And what is served with salep? “Good conversation,” Ayse says, as is true of all café drink orders. Heading to Istanbul? You’ll spend $4 to $5 on a cup of salep in a city café.

Edible Orchids

We’ve been talking a lot about edible orchids recently, especially with vanilla as a prominent part of this year’s Orchid Show. While vanilla is, by far, the most well-known food produced from orchids (it’s the bean-like fruit of the vining orchid Vanilla planifolia), other orchids are eaten in different ways around the world.

  • Chikanda is a Zambian food made from pounded orchid tubers and thickened to the consistency of jelly, then served in slices.
  • Olatshe is a daily dish in Bhutan, where Cymbidium orchids are cooked with spices and cheese.
  • Some Dendrobium flowers are edible, and the bamboo-like canes are ingredients in Asian stir-fries and sauces.
  • Turkish ice cream, or dondurma, is also made from salep; some dondurma is so chewy and elastic that it can be sliced and eaten with a knife and fork.

©2015 Chicago Botanic Garden and my.chicagobotanic.org

The Garden has a bright and cheery answer for overcoming classroom winter doldrums: take a field trip to see the Orchid Show

PHOTO: Students observe how orchids are adapted to the wet environment -- they grow aerial roots that can absorb water from the humid air.

Students observe how orchids are adapted to the wet environment—they grow aerial roots that can absorb water from the humid air.

At a time when schools are tightening budgets and limiting field trips, you might think that an Outrageous Orchids experience is a frivolous excursion—but, in fact, this is a luxurious way to learn life science principles. Our programs are grounded in fundamental science concepts outlined in the Next Generation Science Standards. From Valentine’s Day to St. Patrick’s Day, students get meaningful science lessons as they enjoy the sensational display of colors and aromas in our Greenhouses. 

Field trips are tailored to suit different grade levels. Younger students study the variety of color and shapes found in the exhibition to identify patterns. Early elementary level students examine the structures of orchids to understand their functions. Upper elementary students recognize how tropical orchids have adaptations for survival in a rainforest. These core ideas about orchids apply to all plants and are essential for understanding ecosystems. There isn’t a more beautiful way to study plant science anywhere else in the Chicago region.

PHOTO: It is easy for students to see how this flashy orchid attracts pollinators as well as people.

It is easy for students to see how this flashy orchid attracts pollinators as well as people.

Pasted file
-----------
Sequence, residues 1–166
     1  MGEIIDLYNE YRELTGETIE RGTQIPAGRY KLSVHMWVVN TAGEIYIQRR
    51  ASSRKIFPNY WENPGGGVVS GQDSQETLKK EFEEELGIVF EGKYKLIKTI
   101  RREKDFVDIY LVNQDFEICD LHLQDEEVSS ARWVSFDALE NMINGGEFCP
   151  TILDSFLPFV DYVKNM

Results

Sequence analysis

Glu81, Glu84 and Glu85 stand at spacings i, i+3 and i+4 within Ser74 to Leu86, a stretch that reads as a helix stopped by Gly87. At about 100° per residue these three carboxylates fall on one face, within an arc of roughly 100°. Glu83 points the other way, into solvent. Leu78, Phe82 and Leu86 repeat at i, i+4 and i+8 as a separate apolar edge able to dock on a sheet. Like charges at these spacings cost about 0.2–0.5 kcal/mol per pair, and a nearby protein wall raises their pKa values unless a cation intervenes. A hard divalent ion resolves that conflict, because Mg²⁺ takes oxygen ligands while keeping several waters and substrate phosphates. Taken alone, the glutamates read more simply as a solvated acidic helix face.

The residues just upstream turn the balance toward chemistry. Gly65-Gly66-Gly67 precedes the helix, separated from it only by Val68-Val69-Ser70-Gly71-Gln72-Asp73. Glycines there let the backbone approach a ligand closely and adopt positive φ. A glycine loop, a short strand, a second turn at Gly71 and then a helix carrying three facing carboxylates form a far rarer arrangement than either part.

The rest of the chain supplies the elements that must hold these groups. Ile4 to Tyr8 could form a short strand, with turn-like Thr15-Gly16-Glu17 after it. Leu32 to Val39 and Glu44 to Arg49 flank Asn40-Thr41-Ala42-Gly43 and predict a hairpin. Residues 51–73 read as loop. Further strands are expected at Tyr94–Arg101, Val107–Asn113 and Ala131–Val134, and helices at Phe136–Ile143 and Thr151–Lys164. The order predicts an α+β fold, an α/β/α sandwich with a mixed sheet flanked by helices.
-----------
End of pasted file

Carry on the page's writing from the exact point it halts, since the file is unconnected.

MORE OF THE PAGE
As if being surrounded by gorgeous flowers in the dead of winter weren’t enough to engage a person’s brain, each student also gets to transplant and take a tropical plant to continue the learning after the visit. 

The Baggie Terrarium is a mini-ecosystem that reminds students of the water cycle and enables them to observe plant growth. 

Make a Baggie Terrarium

PHOTO: Baggie terrarium.

We call this a “baggie terrarium.”

Supplies:

  • 1 zip-top bag (quart-size or larger)
  • Potting soil, moistened
  • A small plant or plant cutting (during Outrageous Orchids classes, we let students take a spider plant “pup” from a very large spider plant)
  1. Pour soil into the bag to fill about 2-3 inches deep. Use a finger to create a hole in the soil for the plant.
  2. Bury the roots of the plant in the hole and gently tap the soil around the base of the plant. If you are planting a stem cutting, place the stem in the soil and tamp around the base. If you have a larger bag, you can add more than one plant. Three different plants in a gallon size bag can make an attractive terrarium.
  3. Seal the bag, leaving about a 1-inch opening. Blow into the bag to inflate it and quickly seal the last inch tight so the air doesn’t all escape. The carbon dioxide in your breath is good for the plant, and will give the bag enough substance to stand up.
  4. Place the terrarium in a bright location, but not in direct sunlight. Remember that most tropical plants grow under the canopy of taller trees and do not need full sun. In fact, too much direct sun makes their leaves fade!
  5. Watch for tiny water droplets forming on the sides of the bag. These will gradually roll down the sides of the bag and re-water the soil. As long as the bag is completely sealed, it will stay moist and you will never have to open the bag or add more water. But if it dries out, you will need to water the plants.

You can leave your terrarium alone for a long time and not do anything but watch the plants grow. Eventually, they will outgrow the bag. Then you can transplant them to a pot if you like, or take cuttings and start another baggie terrarium.

Like all of our programs, Orchid Show field trips inspire young people to learn more about plants! Visit our website at chicagobotanic.org/fieldtrips for more information about these programs. 


©2015 Chicago Botanic Garden and my.chicagobotanic.org